August 7, 2009

« previous episode | next episode »

Friday, August 07, 2009

The YouTube-ization of health care hecklers; the military and the media; the psychology of reporters who die for their stories.

Everyone's Favorite Radical

Town hall meetings across America this week erupted in raucous protests. Many on the left dismissed the protests as political astro-turfing, straight from the playbook of right wing operatives. But according to The New Yorker's Ryan Lizza, the protestors' tactics are the legacy of left-wing ...

Comments [66]

The Revolution Will Be YouTubed

The group Freedom Works, chaired by former House majority leader Dick Armey, has been instrumental in organizing the town hall protests we've seen on YouTube and cable news. The protests have been criticized for being heavy on angry mob, and light on concerned citizen but Freedom Works' Adam ...

Comments [16]

A Local Paper's War Story

The Gazette of Colorado Springs recently published a series about the psychological struggles of a group of Iraq War veterans who'd been arrested for violent crimes at home. But while doing that reporting, journalist Dave Philipps uncovered another story about war crimes committed in Iraq. Philipps explains why ...

Comments [4]

On the Front Lines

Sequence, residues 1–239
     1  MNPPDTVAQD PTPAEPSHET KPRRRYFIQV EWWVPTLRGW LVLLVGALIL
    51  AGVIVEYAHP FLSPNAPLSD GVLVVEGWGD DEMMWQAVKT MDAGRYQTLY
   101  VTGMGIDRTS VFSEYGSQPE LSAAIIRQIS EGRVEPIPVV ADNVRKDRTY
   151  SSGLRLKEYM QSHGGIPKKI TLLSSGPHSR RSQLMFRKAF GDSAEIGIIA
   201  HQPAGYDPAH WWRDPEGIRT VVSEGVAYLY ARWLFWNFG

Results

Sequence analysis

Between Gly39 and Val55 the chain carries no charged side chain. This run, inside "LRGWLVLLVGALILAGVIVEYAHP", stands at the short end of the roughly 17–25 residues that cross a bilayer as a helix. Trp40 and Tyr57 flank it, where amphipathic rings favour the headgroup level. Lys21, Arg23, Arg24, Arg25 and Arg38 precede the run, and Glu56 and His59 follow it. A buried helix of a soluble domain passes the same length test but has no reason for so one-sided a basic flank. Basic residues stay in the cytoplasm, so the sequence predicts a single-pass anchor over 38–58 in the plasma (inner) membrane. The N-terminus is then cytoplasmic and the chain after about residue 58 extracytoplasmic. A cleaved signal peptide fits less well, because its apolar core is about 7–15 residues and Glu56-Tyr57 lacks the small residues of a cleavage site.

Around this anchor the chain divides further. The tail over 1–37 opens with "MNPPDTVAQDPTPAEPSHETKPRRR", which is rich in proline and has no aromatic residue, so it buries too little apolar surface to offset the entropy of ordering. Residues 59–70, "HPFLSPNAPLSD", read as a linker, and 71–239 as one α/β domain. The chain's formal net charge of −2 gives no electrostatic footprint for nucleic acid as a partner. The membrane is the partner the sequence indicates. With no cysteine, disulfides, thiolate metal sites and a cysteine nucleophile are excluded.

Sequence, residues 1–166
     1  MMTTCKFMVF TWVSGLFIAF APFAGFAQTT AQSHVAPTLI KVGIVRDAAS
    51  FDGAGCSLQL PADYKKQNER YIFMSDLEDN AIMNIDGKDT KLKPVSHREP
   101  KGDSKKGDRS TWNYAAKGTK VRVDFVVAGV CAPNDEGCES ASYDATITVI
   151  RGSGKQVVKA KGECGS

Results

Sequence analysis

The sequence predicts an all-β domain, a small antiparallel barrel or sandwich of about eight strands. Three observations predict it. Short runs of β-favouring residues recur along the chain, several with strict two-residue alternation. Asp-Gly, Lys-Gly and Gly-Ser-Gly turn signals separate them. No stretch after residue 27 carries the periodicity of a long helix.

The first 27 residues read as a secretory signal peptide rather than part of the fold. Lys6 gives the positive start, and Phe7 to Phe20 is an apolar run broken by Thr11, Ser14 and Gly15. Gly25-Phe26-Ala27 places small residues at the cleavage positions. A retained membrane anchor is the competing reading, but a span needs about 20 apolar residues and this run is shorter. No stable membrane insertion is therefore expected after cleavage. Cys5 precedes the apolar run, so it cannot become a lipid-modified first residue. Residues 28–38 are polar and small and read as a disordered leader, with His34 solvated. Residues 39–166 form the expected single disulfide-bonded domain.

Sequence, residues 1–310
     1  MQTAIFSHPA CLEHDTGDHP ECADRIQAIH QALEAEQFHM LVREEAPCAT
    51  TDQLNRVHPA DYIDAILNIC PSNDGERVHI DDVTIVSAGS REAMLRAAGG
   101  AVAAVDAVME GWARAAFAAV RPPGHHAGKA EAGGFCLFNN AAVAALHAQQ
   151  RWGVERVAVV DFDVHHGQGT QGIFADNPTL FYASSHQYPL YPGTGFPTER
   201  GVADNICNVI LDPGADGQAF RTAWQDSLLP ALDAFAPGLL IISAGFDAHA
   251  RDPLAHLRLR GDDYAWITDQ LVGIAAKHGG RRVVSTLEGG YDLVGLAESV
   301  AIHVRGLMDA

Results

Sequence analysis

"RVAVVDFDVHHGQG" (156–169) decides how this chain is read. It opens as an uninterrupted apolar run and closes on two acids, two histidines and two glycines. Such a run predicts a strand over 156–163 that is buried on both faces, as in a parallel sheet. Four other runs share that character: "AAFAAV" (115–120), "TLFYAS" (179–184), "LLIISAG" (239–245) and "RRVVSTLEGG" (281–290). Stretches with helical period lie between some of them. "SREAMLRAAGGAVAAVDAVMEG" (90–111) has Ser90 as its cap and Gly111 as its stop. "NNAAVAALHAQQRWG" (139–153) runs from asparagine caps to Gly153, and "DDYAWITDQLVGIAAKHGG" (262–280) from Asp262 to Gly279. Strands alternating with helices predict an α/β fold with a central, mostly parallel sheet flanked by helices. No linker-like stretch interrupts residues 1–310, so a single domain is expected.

Matt Mabe is one of the few people who know what it's like to be on both sides of the strained marriage between the military and the media. He left the army in 2007 to become a reporter and he was recently recalled to duty as ...

Comments [5]

Psychology of Sacrifice

What drives a journalist, like Russia's Anna Politkovskaya, to risk their life to pursue a story? Reporter Terry Gould profiled 7 slain journalists in 5 countries to try to answer that question. He found a common psychology among those who know they'll be killed ...

Comments [2]

What's In a Name?

The titles of our most beloved books have stories of their own to tell. Bob talks with Gary Dexter, author of Why Not Catch 21?: The Stories Behind the Titles about the surprising origin stories behind classics like Catch-22, Fahrenheit 451, and Alice in Wonderland.

Comments [4]

Leave a Comment

Email addresses are required but never displayed.